Governor urges Senate to put $150M child care program back in budget

Credit: Avery Kreemer

Credit: Avery Kreemer

COLUMBUS — Ohio Gov. Mike DeWine and child care advocates are urging Ohio senators to restore $150 million in child care scholarship funds proposed by DeWine but axed by the Ohio House in the state budget.

Representatives, however, say they agree increased funding for child care is needed but were concerned that the governor’s plan relied on one-time, federal American Rescue Act Plan funds.

The governor’s budget proposals made child care a central tenet of his final term in office and called for an overhaul of services for children in the state. One of the most expensive parts of his plan was a one-time $150 million child care scholarship program for workers in “critical occupations,” in the fiscal year 2024 paid for with ARPA funds.

This wasn’t included in the budget that passed the House with bipartisan support in April. The budget is now before the Senate Finance Committee.

House Finance Committee member Sarah Carruthers, R-Hamilton, said there was a renewed focus on child care in the state as a way to make Ohio a more attractive place to live by partially addressing sluggish education and mental health concerns among kids.

Carruthers said the House ultimately nixed the $150 million program due to its reliance on one-time ARPA funds. With that money, the House wasn’t looking to start programs that couldn’t be continued.

“Once that’s gone, it’s gone,” she said. “We want long term effects. We want this to be a good, sustainable budget.”

Lynanne Gutierrez, chief operating & policy officer for Groundwork Ohio, told the Dayton Daily News that the scholarship program was particularly pertinent as the state still attempts to bring people back to work, but noted that “the long-term problem will require more investment and priority, there’s no way around it.”

The House countered with its own child care investments. It approved $30 million in child care infrastructure grants for existing facilities to increase their capacity, particularly in underserved areas with limited child care access; along with a significant increase toward preschools and early childhood education at $130.3 million per year, an increase of over $62 million a year from the last budget and about $14 million a year from DeWine’s request.

The House also slightly hemmed in a few of the governor’s requests to support early childhood mental health counselors and the state’s Help Me Grow parent support program.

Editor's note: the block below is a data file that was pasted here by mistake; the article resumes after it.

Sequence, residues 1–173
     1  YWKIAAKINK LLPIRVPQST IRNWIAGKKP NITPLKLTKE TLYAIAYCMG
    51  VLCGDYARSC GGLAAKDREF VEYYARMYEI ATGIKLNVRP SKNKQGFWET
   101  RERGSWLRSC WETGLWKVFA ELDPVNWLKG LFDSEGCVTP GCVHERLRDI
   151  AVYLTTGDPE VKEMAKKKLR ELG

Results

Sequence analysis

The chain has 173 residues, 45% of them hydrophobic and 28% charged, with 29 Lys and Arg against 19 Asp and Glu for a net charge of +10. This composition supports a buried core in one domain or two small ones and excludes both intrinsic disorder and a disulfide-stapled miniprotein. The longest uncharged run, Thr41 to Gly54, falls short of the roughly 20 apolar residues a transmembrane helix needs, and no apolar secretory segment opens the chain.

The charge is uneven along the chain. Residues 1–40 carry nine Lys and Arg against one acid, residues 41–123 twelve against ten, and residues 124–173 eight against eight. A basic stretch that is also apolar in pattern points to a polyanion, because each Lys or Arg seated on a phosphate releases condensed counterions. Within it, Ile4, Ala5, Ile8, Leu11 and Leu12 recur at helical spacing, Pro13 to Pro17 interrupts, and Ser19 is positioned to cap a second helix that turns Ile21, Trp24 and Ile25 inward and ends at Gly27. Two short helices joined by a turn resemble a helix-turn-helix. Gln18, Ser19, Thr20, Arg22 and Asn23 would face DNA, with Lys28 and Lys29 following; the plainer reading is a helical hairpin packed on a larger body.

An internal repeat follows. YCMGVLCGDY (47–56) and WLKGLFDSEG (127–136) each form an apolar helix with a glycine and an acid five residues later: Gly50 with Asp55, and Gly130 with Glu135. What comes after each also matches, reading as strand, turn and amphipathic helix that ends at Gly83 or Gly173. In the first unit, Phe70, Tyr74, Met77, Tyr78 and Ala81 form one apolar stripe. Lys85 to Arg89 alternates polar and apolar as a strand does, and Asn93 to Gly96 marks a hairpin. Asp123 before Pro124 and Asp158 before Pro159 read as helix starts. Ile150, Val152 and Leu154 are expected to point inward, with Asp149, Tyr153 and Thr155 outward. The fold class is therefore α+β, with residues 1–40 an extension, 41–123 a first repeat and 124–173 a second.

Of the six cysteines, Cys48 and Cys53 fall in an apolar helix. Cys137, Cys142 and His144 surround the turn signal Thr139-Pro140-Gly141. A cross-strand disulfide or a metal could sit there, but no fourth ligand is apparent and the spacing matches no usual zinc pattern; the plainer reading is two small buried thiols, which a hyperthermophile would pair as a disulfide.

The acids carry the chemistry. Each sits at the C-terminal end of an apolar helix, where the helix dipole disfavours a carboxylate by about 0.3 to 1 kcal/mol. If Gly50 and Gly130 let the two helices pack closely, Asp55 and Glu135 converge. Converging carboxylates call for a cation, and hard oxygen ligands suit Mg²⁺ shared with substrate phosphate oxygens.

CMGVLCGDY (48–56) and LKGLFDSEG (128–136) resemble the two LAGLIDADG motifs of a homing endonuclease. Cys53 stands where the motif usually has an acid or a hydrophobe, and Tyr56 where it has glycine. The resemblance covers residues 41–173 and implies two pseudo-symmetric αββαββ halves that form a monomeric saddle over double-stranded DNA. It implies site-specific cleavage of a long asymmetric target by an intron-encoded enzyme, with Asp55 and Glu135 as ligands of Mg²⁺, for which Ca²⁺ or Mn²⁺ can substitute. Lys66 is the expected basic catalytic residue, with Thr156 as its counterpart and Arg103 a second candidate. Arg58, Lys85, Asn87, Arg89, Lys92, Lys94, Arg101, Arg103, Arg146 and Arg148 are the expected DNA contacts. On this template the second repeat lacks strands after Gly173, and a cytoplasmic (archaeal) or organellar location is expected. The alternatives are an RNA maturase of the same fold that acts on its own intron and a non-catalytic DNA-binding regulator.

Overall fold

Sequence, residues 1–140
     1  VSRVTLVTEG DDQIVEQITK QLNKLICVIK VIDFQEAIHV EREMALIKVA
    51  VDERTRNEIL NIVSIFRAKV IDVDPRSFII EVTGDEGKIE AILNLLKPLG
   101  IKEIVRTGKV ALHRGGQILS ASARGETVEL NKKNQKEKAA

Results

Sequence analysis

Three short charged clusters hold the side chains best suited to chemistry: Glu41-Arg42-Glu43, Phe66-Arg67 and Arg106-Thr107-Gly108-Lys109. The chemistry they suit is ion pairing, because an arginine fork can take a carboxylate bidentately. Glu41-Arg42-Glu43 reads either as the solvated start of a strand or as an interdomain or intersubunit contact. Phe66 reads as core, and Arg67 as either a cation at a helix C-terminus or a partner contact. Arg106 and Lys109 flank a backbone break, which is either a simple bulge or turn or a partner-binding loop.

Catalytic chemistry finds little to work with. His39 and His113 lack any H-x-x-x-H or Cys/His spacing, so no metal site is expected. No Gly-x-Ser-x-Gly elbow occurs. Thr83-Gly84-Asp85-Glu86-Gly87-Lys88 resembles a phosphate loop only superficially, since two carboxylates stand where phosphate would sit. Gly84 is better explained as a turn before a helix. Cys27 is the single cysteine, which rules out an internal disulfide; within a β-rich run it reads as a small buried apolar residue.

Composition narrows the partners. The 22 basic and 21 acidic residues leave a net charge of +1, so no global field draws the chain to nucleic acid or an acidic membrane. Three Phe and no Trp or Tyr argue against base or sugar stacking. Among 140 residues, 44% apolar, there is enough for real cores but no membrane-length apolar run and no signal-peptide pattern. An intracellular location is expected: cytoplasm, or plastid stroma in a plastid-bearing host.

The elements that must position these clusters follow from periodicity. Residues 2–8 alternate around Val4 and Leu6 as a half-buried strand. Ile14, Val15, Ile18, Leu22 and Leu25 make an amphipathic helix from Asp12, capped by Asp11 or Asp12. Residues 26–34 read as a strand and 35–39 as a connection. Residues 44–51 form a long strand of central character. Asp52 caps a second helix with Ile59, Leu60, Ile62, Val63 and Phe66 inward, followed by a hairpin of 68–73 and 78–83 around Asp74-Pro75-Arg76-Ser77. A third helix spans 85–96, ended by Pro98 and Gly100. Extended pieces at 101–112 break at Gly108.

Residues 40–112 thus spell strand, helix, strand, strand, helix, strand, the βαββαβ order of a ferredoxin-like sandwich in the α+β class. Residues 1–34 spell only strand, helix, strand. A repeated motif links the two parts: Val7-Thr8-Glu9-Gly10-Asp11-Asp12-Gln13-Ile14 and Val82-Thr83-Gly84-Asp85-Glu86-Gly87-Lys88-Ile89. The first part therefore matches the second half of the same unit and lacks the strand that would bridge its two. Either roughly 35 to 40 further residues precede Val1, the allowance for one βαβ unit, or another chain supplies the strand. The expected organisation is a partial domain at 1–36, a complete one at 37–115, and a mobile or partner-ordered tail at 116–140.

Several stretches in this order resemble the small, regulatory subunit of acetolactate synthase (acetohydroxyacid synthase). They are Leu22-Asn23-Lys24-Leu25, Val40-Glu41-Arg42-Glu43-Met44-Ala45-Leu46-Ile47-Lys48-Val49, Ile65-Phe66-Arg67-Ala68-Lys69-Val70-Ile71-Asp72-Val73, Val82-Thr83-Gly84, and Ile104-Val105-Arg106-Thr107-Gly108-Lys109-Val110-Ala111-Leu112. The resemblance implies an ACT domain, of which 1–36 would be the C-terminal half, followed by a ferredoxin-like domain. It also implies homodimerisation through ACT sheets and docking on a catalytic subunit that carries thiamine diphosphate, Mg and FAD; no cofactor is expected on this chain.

Lt. Gov. Jon Husted told Dayton Daily News that he and DeWine are still hopeful that the $150 million scholarship program will be picked up by the Senate.

“This is always a process and I think it’s really important that we just continue to educate the legislators on the ‘why’ — why is this important?” Husted said. “That’s what you do during the legislative process and (it’s) what we continue to do now.”

Senate Finance Committee member George Lang, R-West Chester Twp., said he doesn’t oppose the scholarship program on its face but does oppose that it is only available to those in certain, state-designated “critical” professions like teachers, child care providers, nurses and first responders. Lang said he opposed when the government “gets involved with picking winners and losers.”

“I would not, however, be opposed to using some ARPA funds for some funding to help people afford to pay for child care, because (it’s) the No. 1 one issue I hear right now in workforce development,” Lang said.

Dan Tierney, spokesperson for DeWine, told the Dayton Daily News that improving child care will remain a focus for the administration.

“The issue of kids, the issues of the workforce, the issues of supporting moms; all of those were central themes in the governor’s State of the State speech and in the budget he introduced, and child care is certainly at the nexus of all three,” Tierney said.

At a glance:

Here are the budget items related to child care proposed by DeWine and approved by the House:

- Maintaining existing funding systems for child care

- Extending publicly funded child care access to an estimated 15,000 kids per year. Extended access is expected to cost $101 million per year, which would be paid through federal American Rescue Act Plan funds specifically designated to go toward child care services.

- Increasing preschool and early childhood education funding.

- Creating the Department of Children & Youth, which would unify most of the state’s services pertaining to children and is seen as a legacy project for DeWine.

Here’s where DeWine and the House differed:

- The House cut out a $150 million child care scholarship program paid for through the state’s flexible ARPA funds that would go toward workers in “critical occupations” making under 200% of the federal poverty level.

- The House also cut back slightly DeWine’s request for more investment in Ohio’s Help Me Grow parent program and mental health professionals for children.

- The House countered by proposing $30 million toward existing child care centers to increase capacity in underserved areas.

- The House also approved even greater funding for preschools. DeWine proposed $114.2 million per year; House approved $130.3 million. Previous funding was about $68.1 million per year

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